At defensive back, we have Darrell Revis, one of the greatest cornerbacks in NFL history, and at the other cornerback spot we have Ty Law, a five-time Pro Bowler with 53 career interceptions in a 15-year career. The two safeties would be Tom Flynn, who had a five-year NFL career, and Mark Kelso, who played eight seasons with the Buffalo Bills.

As for the coaching staff, you have your pick of three Super Bowl-winning head coaches. There’s Da Coach, Mike Ditka, who coached the Chicago Bears to a Super Bowl victory. There is also Bill Cowher, former head coach of the Pittsburgh Steelers who coached them to victory in Super Bowl XL, and there’s Mike McCarthy, current head coach of the Green Bay Packers, that coached the Packers to a Super Bowl victory. Two other head coaches that deserve mention are Marty Schottenheimer, who won 205 regular season games and his teams qualified for the postseason 13 times, and Chuck Knox, who amassed 193 wins in the NFL with his teams qualifying for the playoffs 11 times.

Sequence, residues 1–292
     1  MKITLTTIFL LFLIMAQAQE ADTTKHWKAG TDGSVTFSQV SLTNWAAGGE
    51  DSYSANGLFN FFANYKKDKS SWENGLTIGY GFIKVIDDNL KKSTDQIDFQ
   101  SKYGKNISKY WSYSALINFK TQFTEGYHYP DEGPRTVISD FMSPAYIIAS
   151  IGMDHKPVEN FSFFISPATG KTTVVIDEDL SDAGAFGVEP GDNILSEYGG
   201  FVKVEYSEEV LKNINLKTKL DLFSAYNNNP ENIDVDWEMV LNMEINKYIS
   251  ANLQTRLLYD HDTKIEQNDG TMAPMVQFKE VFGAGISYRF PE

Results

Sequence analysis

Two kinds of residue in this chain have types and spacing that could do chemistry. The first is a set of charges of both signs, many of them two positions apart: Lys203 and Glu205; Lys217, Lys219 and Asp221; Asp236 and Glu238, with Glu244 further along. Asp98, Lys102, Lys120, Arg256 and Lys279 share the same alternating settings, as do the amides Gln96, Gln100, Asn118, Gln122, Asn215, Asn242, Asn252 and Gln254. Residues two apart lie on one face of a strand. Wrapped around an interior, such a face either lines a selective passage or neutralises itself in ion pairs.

It’s unlikely that any region less populated than Southwest PA could produce a lineup that could match this one.

John Baranowski is a sports historian and contributor to newspapers, sports publications and sports websites. This and other articles written by him can be found on his blog:

Photo credit: fabfiver5 on Visual hunt / CC BY